With this view of the nature and end of man Dante's conception of the history of the race could not be other than that its course was providentially ordered. The fall of man had made him a just object of the vengeance of God; but the elect were to be redeemed, and for their redemption the history of the world from the beginning was directed. Not only in his dealings with the Jews, but in his dealings with the heathen was God preparing for the reconciliation of man, to be finally accomplished in his sacrifice of Himself for them. The Roman Empire was foreordained and established for this end. It was to prepare the way for the establishment of the Roman Church. It was the appointed instrument for the political governument of men. Empire and Church were alike divine institutions for the guidance of man on earth.

The aim of Dante in the Divine Comedy was to set forth these truths in such wise as to affect the imaginations and touch the hearts of men, so that they should turn to righteousness. His conviction of these truths was no mere matter of belief; it had the ardor and certainty of faith. They had appeared to him in all their fulness as a revelation of the Divine wisdom. It was his work as poet, as poet with a divine commission, to make this revelation known. His work was a work of faith; it was sacred; to it both Heaven and Earth had set their hands.

To this work, as I have said, the definiteness and the limits of the generally accepted theory of the Universe gave the required frame. The very narrowness of this scheme made Dante's design practicable. He had had the experience of a man on earth. He had been lured by false objects of desire from the pursuit of the true good. But Divine Grace, in the form of Beatrice, who had of old on earth led him aright, now intervened and sent to his aid Virgil, who, as the type of Human Reason, should bring him safe through Hell, showing to him the eternal consequences of sin, and then should conduct him, penitent, up the height of Purgatory, till on its summit, in the Earthly Paradise, Beatrice should appear once more to him. Thence she, as the type of that knowledge through which comes the love of God, should lead him, through the Heavens up to the Empyrean, to the consummation of his course in the actual vision of God.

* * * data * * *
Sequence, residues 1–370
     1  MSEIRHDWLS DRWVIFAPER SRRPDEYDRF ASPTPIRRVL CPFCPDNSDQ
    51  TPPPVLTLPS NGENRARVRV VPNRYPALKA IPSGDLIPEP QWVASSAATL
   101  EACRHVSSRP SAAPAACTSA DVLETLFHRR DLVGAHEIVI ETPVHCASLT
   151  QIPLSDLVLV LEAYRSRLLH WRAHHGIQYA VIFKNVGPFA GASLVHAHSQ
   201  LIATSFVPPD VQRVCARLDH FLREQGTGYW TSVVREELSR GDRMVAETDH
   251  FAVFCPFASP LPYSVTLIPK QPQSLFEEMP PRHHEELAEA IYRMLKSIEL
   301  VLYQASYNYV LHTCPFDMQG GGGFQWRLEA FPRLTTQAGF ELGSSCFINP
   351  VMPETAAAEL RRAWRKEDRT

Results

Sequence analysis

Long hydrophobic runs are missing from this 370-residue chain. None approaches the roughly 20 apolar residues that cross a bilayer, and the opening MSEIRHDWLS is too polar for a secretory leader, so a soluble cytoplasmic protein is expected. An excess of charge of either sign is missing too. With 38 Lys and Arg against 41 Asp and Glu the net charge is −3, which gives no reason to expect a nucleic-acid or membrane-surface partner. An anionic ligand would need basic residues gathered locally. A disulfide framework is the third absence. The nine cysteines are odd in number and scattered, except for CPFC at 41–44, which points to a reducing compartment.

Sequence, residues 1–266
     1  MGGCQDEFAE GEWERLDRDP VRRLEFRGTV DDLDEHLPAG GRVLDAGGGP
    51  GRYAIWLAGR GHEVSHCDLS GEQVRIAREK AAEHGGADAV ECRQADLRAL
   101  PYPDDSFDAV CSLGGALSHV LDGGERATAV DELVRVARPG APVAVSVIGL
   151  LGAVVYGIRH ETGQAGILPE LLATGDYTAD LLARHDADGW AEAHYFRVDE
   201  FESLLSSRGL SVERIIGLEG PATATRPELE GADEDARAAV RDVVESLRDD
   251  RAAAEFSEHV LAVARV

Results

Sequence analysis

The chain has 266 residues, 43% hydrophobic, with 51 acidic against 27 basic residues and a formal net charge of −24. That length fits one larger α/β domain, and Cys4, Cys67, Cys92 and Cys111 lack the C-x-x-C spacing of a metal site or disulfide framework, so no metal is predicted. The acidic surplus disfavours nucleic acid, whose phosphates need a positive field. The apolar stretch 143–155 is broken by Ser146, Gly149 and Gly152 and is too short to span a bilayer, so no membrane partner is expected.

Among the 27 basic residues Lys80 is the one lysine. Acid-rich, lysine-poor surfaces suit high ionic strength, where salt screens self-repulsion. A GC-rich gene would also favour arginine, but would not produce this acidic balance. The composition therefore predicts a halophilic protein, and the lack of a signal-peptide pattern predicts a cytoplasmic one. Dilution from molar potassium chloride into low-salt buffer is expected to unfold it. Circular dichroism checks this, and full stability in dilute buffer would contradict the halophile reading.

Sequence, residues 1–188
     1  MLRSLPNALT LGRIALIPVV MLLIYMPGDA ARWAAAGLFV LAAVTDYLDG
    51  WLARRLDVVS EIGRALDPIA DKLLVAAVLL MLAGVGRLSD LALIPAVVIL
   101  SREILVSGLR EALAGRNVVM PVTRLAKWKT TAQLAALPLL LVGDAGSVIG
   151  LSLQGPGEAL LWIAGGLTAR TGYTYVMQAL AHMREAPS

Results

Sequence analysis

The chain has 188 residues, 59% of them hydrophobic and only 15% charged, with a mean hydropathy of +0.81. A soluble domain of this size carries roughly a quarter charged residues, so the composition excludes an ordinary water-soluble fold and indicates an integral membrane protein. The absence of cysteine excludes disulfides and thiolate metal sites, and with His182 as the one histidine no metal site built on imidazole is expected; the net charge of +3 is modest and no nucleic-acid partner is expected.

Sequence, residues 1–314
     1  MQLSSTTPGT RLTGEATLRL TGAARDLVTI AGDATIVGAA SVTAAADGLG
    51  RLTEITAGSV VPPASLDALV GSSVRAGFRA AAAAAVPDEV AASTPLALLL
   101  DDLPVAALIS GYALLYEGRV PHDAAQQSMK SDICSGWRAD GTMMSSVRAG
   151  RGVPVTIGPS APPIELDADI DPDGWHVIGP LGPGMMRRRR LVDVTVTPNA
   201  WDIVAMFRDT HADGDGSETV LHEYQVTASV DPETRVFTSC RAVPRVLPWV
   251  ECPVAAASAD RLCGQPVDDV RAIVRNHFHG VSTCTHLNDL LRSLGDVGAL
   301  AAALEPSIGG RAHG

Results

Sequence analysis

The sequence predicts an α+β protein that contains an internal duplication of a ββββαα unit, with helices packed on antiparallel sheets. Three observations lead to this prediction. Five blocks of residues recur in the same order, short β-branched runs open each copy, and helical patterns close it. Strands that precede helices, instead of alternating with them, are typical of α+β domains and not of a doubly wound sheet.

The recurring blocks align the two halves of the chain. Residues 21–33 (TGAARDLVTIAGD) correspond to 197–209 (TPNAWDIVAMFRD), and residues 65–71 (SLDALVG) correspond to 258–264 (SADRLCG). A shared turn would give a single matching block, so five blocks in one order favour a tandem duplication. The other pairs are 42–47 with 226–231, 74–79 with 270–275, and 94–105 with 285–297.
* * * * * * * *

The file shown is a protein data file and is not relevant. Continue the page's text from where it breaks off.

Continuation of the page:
The Essay by Mr. Lowell, to which I have already referred (Dante, Lowell's Prose Works, vol. iv.) is the best introduction to the study of the poem. It should be read and re-read.

Dante, an essay by the late Dean Church, is the work of a learned and sympathetic scholar, and is an excellent treatise on the life, times, and work of the poet.

The Notes and Illustrations that accompany Mr. Longfellow's translation of the Divine Comedy form an admirable body of comment on the poem.

The Rev. Dr. Edward Moore's little volume, on The Time-References in the Divina Cominedia (London, 1887), is of great value in making the progress of Dante's journey clear, and in showing Dante's scrupulous consistency of statement. Dr. Moore's more recent work, Contributions to the Textual Criticism of the Divina Commedia (Cambridge, 1889), is to be warmly commended to the advanced student.